Dozens of Israeli high school seniors who are looking to evade mandatory military service on moral grounds sent a letter Wednesday to Prime Minister Ehud Olmert, Defense Minister Ehud Barak, Education Minister Yuli Tamir and IDF Chief of Staff Lt.-Gen. Gabi Ashkenazi in protest of Israel's policy of "segregation, killing and oppression in the occupied territories".
As opposed to previous protests by the defiant teens, also known as refuseniks, the IDF responded harshly and arrested 18-year-old Udi Nir at his Herzliya home a day after he was supposed to enlist in the army. The teen was subsequently brought before a military judge.
Tali Lerner of the New Profile movement, which backs the refuseniks campaign, told Ynet that Nir was tried for refusing to enlist and was "frightened by the unpleasant situation, but sounded very determined not to serve".
Lerner said most refuseniks are sentenced to 28 days in a military prison.
Sahar Vardi, a senior at the prestigious Leyad Ha'universita High school in Jerusalem, said "We (conscientious objectors) planned to go to prison together, but the army has apparently learned its lesson and arrested Udi as a preemptive measure."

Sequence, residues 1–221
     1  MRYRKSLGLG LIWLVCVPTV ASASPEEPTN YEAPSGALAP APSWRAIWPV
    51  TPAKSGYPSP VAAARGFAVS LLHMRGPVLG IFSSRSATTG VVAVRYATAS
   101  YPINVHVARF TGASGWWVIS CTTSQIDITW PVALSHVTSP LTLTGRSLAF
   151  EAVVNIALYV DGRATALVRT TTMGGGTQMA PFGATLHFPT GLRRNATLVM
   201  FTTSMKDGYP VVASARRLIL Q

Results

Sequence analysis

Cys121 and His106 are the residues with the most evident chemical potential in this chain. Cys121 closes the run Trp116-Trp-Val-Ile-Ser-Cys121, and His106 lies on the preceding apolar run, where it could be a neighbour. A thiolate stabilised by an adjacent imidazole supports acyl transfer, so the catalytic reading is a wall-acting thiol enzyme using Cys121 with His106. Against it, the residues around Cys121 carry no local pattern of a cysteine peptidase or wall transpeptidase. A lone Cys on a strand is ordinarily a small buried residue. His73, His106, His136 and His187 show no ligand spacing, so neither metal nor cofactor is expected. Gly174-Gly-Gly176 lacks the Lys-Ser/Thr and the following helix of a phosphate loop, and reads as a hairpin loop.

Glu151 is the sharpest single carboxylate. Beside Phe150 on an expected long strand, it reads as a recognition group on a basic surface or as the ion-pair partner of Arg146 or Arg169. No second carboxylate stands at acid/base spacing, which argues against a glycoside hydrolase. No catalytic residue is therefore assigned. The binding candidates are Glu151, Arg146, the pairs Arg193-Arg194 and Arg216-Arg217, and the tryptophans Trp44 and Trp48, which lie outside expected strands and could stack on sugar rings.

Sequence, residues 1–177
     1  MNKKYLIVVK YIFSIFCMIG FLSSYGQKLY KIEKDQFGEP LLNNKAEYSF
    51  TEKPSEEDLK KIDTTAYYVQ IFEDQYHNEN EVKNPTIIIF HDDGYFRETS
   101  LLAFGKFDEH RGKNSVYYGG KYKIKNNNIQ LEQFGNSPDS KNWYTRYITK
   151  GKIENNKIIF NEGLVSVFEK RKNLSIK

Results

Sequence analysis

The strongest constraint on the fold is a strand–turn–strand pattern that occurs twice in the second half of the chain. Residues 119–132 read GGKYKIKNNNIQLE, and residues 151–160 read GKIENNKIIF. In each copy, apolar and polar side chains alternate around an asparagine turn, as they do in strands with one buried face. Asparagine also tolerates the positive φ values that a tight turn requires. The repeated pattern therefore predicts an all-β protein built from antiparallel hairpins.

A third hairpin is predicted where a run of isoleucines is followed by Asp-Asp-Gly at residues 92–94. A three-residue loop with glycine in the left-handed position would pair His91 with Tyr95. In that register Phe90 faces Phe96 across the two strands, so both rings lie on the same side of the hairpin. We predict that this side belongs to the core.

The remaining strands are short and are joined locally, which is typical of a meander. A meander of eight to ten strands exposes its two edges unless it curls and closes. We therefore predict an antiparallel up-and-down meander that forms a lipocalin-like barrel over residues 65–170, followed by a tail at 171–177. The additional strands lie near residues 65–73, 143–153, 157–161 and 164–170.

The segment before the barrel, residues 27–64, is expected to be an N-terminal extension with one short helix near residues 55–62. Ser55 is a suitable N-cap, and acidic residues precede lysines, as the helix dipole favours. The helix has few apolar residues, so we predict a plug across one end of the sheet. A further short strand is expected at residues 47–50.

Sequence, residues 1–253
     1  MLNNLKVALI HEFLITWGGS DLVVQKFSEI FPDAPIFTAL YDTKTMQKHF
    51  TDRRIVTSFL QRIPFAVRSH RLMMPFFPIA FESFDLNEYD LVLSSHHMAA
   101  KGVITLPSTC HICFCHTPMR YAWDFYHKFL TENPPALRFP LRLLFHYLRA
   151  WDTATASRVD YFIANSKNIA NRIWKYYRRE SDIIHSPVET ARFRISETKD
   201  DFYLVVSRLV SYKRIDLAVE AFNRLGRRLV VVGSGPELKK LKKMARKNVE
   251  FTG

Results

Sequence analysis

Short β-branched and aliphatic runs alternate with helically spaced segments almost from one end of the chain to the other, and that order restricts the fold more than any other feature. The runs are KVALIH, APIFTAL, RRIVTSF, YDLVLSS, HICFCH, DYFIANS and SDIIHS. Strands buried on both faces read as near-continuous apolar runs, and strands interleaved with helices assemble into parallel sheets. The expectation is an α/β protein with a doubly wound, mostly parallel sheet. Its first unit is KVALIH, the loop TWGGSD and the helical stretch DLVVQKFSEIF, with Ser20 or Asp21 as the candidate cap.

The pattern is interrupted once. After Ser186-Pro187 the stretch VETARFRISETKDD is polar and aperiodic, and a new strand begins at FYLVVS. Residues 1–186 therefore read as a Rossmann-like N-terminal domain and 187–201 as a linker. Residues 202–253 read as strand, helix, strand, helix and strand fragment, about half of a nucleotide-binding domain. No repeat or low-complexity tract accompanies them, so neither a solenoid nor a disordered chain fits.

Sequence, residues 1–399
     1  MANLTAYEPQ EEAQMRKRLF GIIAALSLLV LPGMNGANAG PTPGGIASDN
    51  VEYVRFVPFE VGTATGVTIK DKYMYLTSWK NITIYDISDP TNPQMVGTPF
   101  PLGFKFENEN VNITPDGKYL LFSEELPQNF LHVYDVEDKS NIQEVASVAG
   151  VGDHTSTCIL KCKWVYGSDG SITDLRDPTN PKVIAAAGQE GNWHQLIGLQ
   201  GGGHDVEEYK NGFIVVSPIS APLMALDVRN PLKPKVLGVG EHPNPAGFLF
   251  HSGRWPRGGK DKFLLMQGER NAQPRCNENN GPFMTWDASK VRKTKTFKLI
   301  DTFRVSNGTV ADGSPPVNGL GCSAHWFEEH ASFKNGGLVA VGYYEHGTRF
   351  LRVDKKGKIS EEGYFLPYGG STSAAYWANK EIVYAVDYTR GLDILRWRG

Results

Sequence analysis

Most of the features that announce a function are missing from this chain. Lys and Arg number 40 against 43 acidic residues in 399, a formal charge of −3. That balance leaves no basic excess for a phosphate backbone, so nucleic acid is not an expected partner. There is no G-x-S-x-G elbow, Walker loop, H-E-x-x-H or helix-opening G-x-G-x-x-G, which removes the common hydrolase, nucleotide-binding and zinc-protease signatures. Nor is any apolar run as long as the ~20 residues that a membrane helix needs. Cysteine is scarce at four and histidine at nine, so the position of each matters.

'IDF service a privilege'
While in custody, Nir wrote a letter to Barak saying "I cannot take part in the activities of an occupying army that regularly violates human rights. As an Israeli citizen and as a drafted teenager, I feel that it is my duty to refuse to enter the circle of blood and (add fuel) to the fire of hatred that is raging in our fields.
"I refuse to join an army so as not to support the occupation and other acts that go against my most basic principles: Human rights, democracy and every man's social responsibility towards his fellow man," the letter read.
Vardi said Nir's arrest was a "deliberate attempt on the army's part to prevent our voices from being heard. We were surprised by how quickly Udi was arrested, but we were prepared for such a scenario and knew that this was a price we were willing to pay.
"Fortunately people are beginning to realize that the army is not a sacred cow and enlisting in it is not a must," she said.
"If more and more people voice their objection to the occupation, the government's policy will have to follow suit."
A number of seniors who signed the letter are planning to rally outside the Kirya army base in Tel Aviv as a show if support for Nir.
The IDF Spokesperson's Office said, "Udi Nir was supposed to enlist on Monday, but did not report and was therefore treated as an absentee. He was detained, brought before a judge and received a six-day suspended sentence. Following his continued refusal to report for duty, Nir was sentenced to 21 days in a military prison. We consider IDF service a privilege."